Hysterectomy Device May Spread Undetected Cancer, New Study Finds
The Wall Street Journal reports that a surgical device used to remove uterine fibroids and during hysterectomies may spread previously undetected cancerous tissue inside the body, according to a recent study published in the Journal of the American Medical Association (JAMA).
The study, conducted by Columbia University doctors, found that 1 in 368 women who undergo a hysterectomy have an unsuspected uterine cancer that is at risk of being spread by the surgical device, called a morcellator. The findings also showed the device may spread other types of cancers, such as endometrial cancer. Researchers studied the medical records of 36,000 women treated with the device at 500 U.S. hospitals over a period of 7 years. The importance of this study is that it consists of a much larger group of subjects than the Food and Drug Administration (FDA) initially studied when it approved the device.
Many doctors not involved in the study have expressed concern that the morcellator puts a certain population of women at an unreasonable risk. “This [study] just confirms it”, said Dr. David Mutch, chief of gynecologic oncology at Washington University School of Medicine and Barnes-Jewish Hospital in St. Louis.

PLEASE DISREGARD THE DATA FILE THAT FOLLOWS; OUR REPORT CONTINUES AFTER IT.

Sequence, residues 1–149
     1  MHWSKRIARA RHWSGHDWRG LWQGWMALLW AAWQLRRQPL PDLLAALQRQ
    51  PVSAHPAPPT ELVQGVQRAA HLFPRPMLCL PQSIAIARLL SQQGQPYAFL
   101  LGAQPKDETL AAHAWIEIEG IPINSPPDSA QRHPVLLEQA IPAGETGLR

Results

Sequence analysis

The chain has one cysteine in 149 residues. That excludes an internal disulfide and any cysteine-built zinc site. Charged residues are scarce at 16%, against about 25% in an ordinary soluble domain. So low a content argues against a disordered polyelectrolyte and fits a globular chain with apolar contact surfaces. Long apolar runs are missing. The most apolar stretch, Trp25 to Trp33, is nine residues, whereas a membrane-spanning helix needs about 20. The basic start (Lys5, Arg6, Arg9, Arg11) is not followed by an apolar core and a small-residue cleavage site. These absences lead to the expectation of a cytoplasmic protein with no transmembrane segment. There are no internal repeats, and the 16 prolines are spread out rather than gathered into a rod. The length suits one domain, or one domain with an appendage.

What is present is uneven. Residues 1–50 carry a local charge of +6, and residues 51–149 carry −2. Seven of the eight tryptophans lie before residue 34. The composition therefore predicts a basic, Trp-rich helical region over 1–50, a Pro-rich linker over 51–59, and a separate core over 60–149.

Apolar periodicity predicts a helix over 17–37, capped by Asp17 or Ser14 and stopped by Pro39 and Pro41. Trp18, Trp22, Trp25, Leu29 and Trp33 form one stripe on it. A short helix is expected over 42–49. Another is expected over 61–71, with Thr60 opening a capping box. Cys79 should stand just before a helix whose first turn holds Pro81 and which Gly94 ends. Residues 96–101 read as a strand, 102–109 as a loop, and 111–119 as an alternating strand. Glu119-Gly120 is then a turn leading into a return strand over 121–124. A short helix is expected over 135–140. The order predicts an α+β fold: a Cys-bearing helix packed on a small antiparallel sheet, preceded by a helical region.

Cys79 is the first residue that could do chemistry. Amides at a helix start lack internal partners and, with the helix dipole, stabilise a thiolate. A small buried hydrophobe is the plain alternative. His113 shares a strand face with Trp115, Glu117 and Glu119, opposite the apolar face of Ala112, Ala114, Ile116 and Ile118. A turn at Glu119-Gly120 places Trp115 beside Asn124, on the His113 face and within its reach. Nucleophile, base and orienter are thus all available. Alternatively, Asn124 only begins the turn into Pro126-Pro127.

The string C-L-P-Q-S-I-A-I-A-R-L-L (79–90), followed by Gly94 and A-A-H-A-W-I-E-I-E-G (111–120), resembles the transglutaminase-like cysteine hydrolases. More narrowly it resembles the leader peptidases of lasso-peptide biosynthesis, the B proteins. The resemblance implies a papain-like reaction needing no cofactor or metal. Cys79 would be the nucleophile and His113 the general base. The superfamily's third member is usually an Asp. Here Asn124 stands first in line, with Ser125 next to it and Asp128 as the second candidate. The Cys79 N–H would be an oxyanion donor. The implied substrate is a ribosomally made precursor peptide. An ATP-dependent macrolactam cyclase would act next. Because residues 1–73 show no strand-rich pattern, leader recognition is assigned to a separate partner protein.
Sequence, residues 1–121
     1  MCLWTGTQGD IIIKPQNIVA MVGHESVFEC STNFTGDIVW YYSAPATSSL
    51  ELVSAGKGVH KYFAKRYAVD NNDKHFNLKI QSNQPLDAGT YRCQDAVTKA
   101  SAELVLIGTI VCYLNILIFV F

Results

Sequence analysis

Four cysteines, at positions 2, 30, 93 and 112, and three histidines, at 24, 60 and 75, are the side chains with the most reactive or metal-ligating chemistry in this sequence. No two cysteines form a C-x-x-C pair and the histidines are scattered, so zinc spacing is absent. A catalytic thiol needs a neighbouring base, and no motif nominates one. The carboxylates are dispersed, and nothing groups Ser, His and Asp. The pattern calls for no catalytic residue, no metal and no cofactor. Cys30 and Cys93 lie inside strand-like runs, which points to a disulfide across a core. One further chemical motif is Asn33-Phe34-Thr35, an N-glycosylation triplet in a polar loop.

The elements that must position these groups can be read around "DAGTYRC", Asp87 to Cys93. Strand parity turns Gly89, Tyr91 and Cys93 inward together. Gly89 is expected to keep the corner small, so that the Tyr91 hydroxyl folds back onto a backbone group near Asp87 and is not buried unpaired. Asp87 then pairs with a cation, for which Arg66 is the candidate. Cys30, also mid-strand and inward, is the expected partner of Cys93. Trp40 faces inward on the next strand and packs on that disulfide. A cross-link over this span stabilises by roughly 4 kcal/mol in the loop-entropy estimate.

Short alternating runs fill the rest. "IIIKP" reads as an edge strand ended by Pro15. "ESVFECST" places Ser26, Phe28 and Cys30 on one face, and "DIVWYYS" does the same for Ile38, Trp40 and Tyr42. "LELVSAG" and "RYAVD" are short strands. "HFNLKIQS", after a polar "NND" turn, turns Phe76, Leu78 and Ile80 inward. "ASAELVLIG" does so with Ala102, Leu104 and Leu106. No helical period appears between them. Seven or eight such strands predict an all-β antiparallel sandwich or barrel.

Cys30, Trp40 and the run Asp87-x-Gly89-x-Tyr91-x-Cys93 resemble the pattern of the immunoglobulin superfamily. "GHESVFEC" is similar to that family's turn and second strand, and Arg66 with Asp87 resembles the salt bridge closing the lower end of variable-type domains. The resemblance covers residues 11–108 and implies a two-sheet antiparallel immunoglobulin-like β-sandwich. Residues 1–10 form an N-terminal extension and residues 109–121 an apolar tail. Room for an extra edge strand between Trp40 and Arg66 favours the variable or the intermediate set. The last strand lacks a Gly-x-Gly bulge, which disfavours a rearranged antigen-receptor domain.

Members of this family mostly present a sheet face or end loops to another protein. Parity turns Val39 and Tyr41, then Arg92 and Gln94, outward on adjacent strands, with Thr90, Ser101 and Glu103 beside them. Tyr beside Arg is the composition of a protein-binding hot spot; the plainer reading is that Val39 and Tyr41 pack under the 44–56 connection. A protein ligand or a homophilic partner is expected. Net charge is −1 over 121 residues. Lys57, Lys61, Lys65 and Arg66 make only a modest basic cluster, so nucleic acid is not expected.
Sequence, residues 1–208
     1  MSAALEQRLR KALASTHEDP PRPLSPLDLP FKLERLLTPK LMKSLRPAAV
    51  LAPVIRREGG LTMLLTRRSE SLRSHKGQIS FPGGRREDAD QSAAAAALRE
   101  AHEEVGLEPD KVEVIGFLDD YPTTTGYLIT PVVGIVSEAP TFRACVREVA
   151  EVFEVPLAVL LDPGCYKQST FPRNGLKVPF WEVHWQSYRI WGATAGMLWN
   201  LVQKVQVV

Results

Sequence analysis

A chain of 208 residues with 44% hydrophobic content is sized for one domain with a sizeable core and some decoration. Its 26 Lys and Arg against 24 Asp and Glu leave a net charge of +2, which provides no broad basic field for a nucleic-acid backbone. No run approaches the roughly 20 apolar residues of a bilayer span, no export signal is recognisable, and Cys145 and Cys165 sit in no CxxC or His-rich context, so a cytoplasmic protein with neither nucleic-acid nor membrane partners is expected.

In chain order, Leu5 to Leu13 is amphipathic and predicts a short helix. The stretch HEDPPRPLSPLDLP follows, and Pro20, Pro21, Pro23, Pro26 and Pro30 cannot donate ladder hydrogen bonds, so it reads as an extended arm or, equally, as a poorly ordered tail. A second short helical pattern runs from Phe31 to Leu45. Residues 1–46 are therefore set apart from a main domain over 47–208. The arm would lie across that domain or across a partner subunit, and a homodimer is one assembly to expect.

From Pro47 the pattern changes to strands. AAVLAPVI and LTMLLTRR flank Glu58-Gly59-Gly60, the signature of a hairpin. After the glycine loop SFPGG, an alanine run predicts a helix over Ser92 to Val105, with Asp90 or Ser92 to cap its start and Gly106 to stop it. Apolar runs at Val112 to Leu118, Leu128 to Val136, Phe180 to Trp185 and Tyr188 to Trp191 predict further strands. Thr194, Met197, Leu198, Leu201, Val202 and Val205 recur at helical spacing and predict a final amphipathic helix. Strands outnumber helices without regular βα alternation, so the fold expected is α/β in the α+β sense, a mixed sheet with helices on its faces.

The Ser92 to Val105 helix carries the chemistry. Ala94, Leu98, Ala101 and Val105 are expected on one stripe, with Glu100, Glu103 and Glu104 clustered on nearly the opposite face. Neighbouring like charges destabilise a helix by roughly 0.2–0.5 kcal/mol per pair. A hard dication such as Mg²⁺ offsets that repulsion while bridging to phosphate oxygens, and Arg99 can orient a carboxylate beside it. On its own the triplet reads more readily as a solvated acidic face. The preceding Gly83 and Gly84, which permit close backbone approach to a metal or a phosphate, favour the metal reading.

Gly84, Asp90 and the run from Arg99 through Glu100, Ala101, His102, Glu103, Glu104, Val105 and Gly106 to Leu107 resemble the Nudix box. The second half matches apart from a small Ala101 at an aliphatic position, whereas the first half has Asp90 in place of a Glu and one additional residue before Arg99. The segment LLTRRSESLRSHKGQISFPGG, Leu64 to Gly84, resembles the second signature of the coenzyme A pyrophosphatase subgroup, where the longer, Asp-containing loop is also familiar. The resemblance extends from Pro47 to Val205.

In April 2014, the FDA released a Safety Communication to medical specialists that because there is no reliable method for predicting whether a women may have a uterine cancer, the laparoscopic morcellator should not be used during a hysterectomy or myomectomy (removal of uterine fibroids). The FDA emphasized that spreading the uterine sarcoma will significantly worsen the patient’s odds of long-term survival.
The JAMA study and data collected by the FDA propelled the agency to hold a two-day hearing earlier this month to assess the danger of the device. The FDA is expected to decide this year whether it restrictions should be placed on the use of morcellators or whether it should ban the tool altogether.
Morcellators use a blade to cut the uterine fibroids or the uterus into fragments so that the pieces can be removed through tiny laparoscopic incisions. Morcellators have been on the market for two decades, but little data exits about the device. Johnson & Johnson, the largest manufacturers of morcellators, has suspended sales of the surgical device after the FDA issued its Safety Communication warning in April. Some doctors suggest that the decision to suspend sales of the device does not go far enough; they are urging the company to recall its morcellators from the market.
The choice of a lawyer is an important decision and should not be based solely on advertisements.